Apple generates a lot of news, and it can be hard to keep up. If your mind was on other things this week, our roundup of Apple-related headlines will bring you up to date.
The iMac gets colourful
In 2021 Apple could go retro with the iMac, bringing back colour choices for the first time in 20 years. We are excited!
In a video this week the incorrigible leaker and YouTube presenter Jon Prosser laid out extensive details of Apple's upcoming iMac update for 2021. Evoking memories of Apple hardware from the start of the century, he predicted that the new models will be available in the same colour options as the iPad Air - which means blue, pink and green.
Prosser also spent some time discussing the rumoured miniature version of the Mac Pro (the Mac Pro mini, presumably?). His source suggests this device will take design cues from both the Mac mini and the old G4 Cube: something like three to four Mac minis stacked on top of each other.
A terrible week for the M1 Macs
Apple's M1 Macs have barely put a foot wrong since they launched late last year. Reviews praised the machines' performance and power-efficiency, and earlier this month Intel's less complimentary benchmarks were greeted with scepticism.
But nobody's perfect: even Don Bradman got a duck in his last Test innings. And for the M1 range this week has been the tech equivalent of an Eric Hollies googly.
We'd already got the news, late last week, of the first recorded M1-compatible malware: a bit of adware known as GoSearch22 that was spotted back in December and is no longer executable. No big deal, perhaps, but we observed at the time that it wouldn't be the last.
This week saw the announcement of an altogether more alarming bit of M1-ready malware called Silver Sparrow. Part of the worry is that nobody knows what Silver Sparrow does; once ensconced on a Mac it connects ominously to a server once per hour, and researchers believe it could be gearing up for a major attack.
Then the M1 Mac mini was hit by reports of an issue where connected displays show rogue pink pixels. Apple is aware of the problem, so hopefully it will be fixed in version 11.3 of macOS Big Sur.
Image courtesy of Twitter user FatihVidyograf
Finally it turned into a truly horrible week for the M1 Macs when users began to report "excessive SSD read/write data", raising fears of accelerated wear and tear on the built-in storage. We're hopeful that this is a fixable bug, but it could shorten the machines' life span.
(Since we posted this article, but technically within the span of the week, yet another problem emerged: an inability to download iOS apps.)
Like the Don, the M1 Macs haven't become rubbish overnight. But this week - which was chosen, with unfortunate timing, to make the claim that they're safer than the Intel equivalent - was one that Apple's hardware department will probably want to forget.
We have a separate article where we discuss everything you need to know about getting Apple products repaired.
News in brief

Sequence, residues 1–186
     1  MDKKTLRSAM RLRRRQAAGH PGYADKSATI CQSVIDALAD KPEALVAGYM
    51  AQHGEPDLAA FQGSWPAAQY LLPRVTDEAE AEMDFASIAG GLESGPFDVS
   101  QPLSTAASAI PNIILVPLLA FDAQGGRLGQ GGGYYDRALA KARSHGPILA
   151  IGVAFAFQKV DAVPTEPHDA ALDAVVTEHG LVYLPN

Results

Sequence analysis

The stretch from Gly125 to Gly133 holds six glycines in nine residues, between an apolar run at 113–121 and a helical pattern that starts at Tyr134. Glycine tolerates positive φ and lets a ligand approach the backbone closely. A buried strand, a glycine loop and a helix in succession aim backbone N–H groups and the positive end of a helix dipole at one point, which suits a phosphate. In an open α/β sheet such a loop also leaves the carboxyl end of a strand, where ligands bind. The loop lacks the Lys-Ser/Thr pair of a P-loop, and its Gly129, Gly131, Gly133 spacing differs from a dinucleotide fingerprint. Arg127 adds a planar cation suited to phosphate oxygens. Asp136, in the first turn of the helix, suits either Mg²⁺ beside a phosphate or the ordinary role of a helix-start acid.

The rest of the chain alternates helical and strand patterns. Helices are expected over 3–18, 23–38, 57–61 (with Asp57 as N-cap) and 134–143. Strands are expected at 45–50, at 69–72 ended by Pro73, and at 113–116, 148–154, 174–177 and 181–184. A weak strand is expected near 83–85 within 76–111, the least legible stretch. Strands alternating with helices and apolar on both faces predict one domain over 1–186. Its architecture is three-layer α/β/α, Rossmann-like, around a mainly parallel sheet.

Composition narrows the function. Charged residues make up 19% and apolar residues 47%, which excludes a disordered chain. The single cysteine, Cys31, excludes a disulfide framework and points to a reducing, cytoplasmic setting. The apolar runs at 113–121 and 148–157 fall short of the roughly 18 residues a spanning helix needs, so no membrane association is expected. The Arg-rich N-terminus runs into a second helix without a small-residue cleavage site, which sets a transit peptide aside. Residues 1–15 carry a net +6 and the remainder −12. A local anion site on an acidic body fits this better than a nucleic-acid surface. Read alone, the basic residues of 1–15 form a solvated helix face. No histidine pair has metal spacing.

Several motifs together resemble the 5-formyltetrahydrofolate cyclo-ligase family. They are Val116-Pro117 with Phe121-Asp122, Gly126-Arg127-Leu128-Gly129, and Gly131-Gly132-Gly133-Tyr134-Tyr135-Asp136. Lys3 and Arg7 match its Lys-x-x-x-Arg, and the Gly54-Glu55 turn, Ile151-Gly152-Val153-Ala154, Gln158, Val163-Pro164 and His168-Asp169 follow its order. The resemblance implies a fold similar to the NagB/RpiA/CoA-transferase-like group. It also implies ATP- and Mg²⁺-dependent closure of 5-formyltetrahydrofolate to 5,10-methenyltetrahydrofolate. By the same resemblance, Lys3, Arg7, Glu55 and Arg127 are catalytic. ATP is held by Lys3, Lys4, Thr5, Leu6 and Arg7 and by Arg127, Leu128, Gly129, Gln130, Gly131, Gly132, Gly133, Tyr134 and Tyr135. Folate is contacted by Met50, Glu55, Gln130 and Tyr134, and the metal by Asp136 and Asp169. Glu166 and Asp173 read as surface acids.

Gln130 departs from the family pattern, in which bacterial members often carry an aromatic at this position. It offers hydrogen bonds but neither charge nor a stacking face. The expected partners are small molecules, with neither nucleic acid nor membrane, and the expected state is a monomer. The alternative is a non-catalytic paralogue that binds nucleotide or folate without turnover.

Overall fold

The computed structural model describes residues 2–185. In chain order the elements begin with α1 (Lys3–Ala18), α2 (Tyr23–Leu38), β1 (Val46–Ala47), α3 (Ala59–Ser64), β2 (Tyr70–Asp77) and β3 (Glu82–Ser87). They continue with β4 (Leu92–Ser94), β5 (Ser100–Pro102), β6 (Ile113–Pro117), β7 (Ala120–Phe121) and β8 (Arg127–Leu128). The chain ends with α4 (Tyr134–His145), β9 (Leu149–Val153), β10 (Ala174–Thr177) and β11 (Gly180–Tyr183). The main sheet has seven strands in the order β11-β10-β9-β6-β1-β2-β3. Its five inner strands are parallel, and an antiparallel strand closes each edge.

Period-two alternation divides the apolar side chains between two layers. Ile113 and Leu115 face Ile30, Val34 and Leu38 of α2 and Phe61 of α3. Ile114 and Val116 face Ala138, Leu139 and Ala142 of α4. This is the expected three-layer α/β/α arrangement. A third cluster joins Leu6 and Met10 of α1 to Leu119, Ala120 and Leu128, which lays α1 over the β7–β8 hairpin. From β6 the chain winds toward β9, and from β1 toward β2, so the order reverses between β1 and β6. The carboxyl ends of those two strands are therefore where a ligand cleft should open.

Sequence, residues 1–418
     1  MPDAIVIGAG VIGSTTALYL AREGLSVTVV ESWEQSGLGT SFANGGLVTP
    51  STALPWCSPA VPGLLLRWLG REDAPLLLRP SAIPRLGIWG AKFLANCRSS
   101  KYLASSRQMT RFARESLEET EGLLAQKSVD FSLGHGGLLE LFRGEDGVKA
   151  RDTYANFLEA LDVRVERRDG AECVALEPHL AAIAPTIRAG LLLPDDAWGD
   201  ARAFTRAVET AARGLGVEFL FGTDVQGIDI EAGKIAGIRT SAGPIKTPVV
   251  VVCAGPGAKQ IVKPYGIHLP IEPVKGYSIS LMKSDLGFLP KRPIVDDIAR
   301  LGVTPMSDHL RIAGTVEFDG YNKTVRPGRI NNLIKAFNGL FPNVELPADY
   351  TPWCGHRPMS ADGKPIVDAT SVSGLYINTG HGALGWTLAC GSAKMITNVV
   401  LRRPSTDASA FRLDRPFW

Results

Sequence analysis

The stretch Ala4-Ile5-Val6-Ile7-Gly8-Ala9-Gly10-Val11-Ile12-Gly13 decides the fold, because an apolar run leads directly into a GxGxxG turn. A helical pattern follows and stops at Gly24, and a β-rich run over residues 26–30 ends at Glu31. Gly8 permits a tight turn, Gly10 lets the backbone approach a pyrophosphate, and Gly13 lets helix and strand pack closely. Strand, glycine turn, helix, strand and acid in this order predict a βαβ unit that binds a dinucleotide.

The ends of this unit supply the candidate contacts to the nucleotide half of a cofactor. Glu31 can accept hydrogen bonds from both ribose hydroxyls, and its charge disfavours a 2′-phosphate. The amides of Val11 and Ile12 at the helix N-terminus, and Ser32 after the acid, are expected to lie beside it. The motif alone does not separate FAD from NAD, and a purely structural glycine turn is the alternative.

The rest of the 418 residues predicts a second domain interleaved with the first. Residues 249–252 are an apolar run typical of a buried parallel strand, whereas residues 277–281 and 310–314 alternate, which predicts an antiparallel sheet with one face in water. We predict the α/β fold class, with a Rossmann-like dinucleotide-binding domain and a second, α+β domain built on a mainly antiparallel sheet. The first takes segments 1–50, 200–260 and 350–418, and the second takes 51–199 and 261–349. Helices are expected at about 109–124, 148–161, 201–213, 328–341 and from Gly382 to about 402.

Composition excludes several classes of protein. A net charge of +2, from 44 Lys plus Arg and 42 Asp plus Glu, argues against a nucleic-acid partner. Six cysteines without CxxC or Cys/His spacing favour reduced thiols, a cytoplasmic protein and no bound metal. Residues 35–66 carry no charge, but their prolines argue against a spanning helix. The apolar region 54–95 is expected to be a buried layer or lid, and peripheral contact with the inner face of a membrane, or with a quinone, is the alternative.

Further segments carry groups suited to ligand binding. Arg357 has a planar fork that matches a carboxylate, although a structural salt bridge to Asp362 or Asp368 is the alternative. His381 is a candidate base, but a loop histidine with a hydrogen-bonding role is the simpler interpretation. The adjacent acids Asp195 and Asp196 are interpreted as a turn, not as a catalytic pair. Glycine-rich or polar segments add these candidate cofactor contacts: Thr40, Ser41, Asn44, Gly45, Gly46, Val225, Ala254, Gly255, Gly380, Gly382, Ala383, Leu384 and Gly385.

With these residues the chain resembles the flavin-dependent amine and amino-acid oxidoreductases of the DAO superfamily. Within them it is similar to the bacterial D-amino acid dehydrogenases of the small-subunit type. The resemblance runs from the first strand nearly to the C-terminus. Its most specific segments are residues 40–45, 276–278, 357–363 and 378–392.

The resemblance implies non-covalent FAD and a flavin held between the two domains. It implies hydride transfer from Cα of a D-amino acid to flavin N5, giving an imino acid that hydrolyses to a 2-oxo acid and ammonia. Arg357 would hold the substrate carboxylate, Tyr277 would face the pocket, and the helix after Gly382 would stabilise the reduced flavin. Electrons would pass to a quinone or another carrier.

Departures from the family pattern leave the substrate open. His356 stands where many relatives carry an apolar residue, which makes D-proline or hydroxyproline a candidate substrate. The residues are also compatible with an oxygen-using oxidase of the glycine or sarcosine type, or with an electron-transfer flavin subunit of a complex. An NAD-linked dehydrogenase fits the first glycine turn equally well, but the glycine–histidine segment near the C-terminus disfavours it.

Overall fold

A new law obliges Apple to declare a 'repairability score' for each product it sells in France. This will be based on access to documentation, ease of disassembly, availability and price of spare parts, and access to ongoing software updates and technical support.
Google is still refusing - or not bothering - to update its Gmail app for iOS, despite pressure to respond to Apple's new tracking rules. (The firm had indicated that it would cunningly stop using IDFA codes and thereby avoid the requirement to ask permission to track users, but there's still no sign of this change being made.) Apple has now added a privacy notice to Gmail's App Store entry, listing the numerous forms of data that it may collect.
Yet another development in the ongoing dispute between Apple and Epic Games: Apple subpoenaed Valve Software late last year, demanding a vast quantity of sales data from its Steam store. If you're struggling to see the connection, Valve's lawyers agree with you - but Apple reckons it's a relevant comparison for the situation Epic is complaining about on the App Store.
Bugs & problems
We've got yet another reason to be excited about iOS 14.5, rapidly shaping up to be the greatest point update of all time. It contains an important but invisible change that will make zero-click attacks "significantly harder".
Apple, meanwhile, has released macOS Big Sur 11.2.2. This patches a serious bug with third-party hubs and docking stations that could cause damage to newer MacBook Pro and MacBook Air models; we advise updating at your earliest convenience.
The rumour mill
The 5G modem in the 2021 iPhone will support better battery life, sources claim. It's expected to use the Qualcomm Snapdragon X60, which means lower energy consumption.
While we're on that subject, Apple has reportedly lined up a Chinese supplier for the OLED screens in the iPhone 13.
Leaked photos have supposedly revealed the design of the AirPods 3. It's quite a bit like the AirPods Pro, with shorter stems and silicone ear tips - but don't expect the active noise cancellation feature to make the journey.
Image courtesy of 52audio
Apple will correct all its old mistakes when it launches the new MacBook Pro models, predicts Ming-Chi Kuo.
The iPad Pro still seems to be nailed on for an update in the first half of 2021, with supply-chain sources reporting that Ennostar will begin production of mini-LED backlights for the device in late Q1 or Q2 of this year.
Hopes are high for an Apple spring event next month. (Although not on 16 March as widely anticipated, according to Mark Gurman.) We've been rounding up all the rumours for our in-depth prediction of the new Apple products coming in March.
And that's it for this week. Stay Appley!